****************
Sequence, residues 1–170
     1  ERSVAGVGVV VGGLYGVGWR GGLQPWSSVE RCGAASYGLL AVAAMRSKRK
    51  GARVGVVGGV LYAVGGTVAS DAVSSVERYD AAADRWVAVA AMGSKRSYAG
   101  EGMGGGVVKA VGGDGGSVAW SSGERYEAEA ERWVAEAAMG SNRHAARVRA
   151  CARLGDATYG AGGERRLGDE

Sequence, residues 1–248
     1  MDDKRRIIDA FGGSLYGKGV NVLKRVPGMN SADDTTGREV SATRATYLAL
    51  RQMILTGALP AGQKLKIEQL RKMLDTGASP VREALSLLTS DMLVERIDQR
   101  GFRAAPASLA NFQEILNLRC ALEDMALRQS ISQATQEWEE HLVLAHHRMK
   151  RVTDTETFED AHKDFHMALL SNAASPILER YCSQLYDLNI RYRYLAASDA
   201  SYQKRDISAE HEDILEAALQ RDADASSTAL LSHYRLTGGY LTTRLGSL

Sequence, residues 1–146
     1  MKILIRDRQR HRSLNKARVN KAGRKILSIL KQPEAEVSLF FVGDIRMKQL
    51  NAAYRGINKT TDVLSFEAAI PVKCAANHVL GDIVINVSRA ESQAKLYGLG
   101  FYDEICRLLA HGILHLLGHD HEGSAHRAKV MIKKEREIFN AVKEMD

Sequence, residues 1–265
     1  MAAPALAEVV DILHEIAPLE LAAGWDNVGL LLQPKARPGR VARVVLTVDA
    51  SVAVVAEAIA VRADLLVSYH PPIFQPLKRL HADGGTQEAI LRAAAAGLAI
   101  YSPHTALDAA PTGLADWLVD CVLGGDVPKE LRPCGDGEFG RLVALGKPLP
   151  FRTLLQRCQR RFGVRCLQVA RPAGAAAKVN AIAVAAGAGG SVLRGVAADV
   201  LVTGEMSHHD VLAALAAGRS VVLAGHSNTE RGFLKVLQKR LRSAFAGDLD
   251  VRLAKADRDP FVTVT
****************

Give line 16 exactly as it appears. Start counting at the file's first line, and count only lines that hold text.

Sequence, residues 1–265